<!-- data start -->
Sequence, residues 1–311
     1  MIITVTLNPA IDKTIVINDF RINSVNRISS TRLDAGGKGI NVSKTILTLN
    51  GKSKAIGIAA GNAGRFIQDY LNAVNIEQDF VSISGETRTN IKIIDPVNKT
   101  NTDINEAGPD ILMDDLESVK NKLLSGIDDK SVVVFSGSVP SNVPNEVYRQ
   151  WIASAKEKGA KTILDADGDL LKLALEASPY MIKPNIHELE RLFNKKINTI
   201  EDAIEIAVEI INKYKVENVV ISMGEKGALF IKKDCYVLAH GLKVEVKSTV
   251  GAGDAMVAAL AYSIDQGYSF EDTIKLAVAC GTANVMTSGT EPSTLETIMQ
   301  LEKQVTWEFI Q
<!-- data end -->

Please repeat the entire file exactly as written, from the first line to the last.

Sequence, residues 1–311
     1  MIITVTLNPA IDKTIVINDF RINSVNRISS TRLDAGGKGI NVSKTILTLN
    51  GKSKAIGIAA GNAGRFIQDY LNAVNIEQDF VSISGETRTN IKIIDPVNKT
   101  NTDINEAGPD ILMDDLESVK NKLLSGIDDK SVVVFSGSVP SNVPNEVYRQ
   151  WIASAKEKGA KTILDADGDL LKLALEASPY MIKPNIHELE RLFNKKINTI
   201  EDAIEIAVEI INKYKVENVV ISMGEKGALF IKKDCYVLAH GLKVEVKSTV
   251  GAGDAMVAAL AYSIDQGYSF EDTIKLAVAC GTANVMTSGT EPSTLETIMQ
   301  LEKQVTWEFI Q